A further walled area, known as the flower garden is a sheltered enclosure originally used for early vegetables as well as flowers and containing vineries, a citrus and a peach house. All of these were of course totally derelict until the 1990s. The glasshouses are of a type known as a Paxton patent house, a sort of 'flat-pack' greenhouse to a standard design that was assembled on site. These greenhouses have been faithfully reconstructed and are once again in use.  The adjacent boiler house  still contains the original cast iron Britannia boiler, dug out from years of accumulated rubbish, not surprisingly defunct but the cast iron piping is still present. The same building houses the Head Gardener's office. He must have been very cosy, not only having the heat from the boiler but also his own wood burning stove!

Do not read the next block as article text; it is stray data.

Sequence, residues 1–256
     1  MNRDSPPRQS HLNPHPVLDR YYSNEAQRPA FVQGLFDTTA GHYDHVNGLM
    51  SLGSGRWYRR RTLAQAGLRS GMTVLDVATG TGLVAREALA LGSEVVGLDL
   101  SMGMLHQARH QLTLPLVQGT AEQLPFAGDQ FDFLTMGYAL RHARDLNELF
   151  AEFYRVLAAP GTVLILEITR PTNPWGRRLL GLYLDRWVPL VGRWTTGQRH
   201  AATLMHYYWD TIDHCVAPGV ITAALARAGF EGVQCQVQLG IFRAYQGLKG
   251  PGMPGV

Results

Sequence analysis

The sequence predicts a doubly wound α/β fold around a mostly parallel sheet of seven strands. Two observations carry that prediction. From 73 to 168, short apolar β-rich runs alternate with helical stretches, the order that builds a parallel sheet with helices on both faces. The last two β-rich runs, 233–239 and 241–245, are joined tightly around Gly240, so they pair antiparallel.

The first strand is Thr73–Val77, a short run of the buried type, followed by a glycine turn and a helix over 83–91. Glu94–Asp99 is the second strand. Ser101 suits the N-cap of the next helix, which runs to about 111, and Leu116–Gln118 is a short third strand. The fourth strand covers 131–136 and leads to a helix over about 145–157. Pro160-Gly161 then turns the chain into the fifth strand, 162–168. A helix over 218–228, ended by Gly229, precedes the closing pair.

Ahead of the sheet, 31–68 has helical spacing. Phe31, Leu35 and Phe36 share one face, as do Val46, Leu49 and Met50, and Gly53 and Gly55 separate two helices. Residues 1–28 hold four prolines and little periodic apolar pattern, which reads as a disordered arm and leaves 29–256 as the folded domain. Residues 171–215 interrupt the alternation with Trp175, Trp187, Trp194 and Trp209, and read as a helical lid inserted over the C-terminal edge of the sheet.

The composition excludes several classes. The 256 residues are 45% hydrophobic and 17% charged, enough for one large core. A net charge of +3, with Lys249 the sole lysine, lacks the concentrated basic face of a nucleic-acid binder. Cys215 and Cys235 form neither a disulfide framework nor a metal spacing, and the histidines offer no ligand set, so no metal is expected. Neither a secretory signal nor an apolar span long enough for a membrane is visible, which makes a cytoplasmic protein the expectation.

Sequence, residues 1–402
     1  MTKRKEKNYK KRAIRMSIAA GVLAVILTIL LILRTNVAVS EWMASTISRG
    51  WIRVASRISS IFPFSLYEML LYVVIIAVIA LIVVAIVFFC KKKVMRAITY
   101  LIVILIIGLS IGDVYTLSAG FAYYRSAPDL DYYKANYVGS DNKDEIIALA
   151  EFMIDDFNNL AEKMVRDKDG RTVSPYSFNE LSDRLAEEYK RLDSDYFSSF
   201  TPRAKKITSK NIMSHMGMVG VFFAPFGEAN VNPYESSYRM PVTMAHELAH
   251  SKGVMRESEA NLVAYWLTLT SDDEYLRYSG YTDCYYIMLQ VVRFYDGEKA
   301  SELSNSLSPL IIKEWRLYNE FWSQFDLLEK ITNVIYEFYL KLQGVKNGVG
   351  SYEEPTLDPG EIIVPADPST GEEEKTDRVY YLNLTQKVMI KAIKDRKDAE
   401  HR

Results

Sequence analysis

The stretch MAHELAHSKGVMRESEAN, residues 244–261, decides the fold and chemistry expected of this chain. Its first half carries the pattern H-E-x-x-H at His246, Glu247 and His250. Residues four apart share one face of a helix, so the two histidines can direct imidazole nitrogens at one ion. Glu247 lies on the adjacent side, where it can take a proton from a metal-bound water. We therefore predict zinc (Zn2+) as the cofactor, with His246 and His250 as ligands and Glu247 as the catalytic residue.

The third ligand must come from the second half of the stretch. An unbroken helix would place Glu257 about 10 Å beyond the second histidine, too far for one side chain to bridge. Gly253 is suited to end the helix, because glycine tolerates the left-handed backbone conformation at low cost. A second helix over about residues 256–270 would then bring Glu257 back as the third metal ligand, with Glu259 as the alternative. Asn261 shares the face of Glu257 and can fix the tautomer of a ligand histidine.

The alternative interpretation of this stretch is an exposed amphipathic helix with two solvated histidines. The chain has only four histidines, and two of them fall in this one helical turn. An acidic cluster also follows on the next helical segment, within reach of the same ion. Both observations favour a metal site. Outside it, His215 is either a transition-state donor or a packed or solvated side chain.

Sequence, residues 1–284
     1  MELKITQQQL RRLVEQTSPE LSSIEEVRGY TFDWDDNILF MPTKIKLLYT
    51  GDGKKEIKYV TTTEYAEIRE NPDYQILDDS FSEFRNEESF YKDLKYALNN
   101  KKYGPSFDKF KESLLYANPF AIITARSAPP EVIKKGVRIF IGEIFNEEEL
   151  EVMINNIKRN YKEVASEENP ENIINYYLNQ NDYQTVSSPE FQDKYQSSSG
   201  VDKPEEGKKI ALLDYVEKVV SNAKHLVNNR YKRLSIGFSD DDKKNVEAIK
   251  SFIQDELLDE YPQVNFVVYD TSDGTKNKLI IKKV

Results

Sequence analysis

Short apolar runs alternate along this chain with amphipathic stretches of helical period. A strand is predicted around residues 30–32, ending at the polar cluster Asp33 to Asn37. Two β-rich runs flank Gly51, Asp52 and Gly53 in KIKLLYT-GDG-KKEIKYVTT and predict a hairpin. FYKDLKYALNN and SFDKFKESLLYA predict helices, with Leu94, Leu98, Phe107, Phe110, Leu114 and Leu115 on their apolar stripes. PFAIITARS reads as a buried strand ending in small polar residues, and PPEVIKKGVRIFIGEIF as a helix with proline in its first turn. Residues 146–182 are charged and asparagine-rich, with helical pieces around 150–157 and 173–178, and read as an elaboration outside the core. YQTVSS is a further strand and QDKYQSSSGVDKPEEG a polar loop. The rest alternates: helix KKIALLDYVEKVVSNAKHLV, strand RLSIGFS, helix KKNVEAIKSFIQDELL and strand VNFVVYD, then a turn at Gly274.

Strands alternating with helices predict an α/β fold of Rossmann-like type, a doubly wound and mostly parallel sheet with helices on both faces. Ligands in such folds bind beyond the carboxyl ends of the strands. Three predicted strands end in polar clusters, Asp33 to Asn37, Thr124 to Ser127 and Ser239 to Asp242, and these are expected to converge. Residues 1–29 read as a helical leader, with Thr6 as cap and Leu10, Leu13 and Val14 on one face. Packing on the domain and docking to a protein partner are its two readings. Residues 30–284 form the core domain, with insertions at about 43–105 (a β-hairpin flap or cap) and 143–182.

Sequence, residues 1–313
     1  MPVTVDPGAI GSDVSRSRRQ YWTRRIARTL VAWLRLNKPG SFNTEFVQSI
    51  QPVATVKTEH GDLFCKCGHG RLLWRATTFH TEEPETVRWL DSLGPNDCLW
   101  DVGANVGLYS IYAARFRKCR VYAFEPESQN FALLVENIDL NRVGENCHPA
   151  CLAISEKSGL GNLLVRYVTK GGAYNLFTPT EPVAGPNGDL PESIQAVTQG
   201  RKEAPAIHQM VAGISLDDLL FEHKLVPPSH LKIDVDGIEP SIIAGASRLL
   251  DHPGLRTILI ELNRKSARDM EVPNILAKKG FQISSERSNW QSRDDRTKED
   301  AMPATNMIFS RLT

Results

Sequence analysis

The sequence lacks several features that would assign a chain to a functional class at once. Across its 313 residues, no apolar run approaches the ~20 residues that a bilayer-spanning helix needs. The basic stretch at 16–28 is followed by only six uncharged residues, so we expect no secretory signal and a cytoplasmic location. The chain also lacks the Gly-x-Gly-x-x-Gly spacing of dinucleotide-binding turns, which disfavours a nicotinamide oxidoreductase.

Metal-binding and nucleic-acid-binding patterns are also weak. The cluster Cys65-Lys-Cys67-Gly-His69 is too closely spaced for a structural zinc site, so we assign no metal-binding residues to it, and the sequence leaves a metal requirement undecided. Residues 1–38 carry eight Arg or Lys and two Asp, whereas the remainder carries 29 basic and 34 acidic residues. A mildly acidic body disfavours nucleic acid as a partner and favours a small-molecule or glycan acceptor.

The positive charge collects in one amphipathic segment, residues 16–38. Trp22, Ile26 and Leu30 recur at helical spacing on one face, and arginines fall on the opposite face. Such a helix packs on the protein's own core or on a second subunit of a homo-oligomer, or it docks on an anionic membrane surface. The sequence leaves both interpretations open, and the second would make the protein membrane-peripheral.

The Flower garden and its greenhouses

The flower garden and citrus House



The vinery - typical Paxton house
Before rebuilding

Inside the vinery
Cast iron heating grilles

The original Britannia Boiler
Head gardener's Office

Inside the peach house
The Pencalenick Greenhouse - from elsewhere - authentic Victorian but not a restoration, complete with 19C pelargoniums


Beyond the walled gardens there are the wider ornamental gardens with a huge collection of mature trees, immense rhododendrons and vast camellias all of which were disentangled from years of bramble, sycamore and other weed growth. Specific areas include the Italian Garden, the Ravine, New Zealand and the North Summerhouse. The Sundial Garden seemed rather in need of attention, with rather poor planting competing with a lot of weed. The rhododendrons had finished flowering but it was still impressive to see the size of some of these monster plants. Amazing to realise that some had been growing here since first imported as new introductions from Joseph Hooker's Himalayan travels in the 1850's. The collection has been documented and by means of micro-propagation has been secured for the future.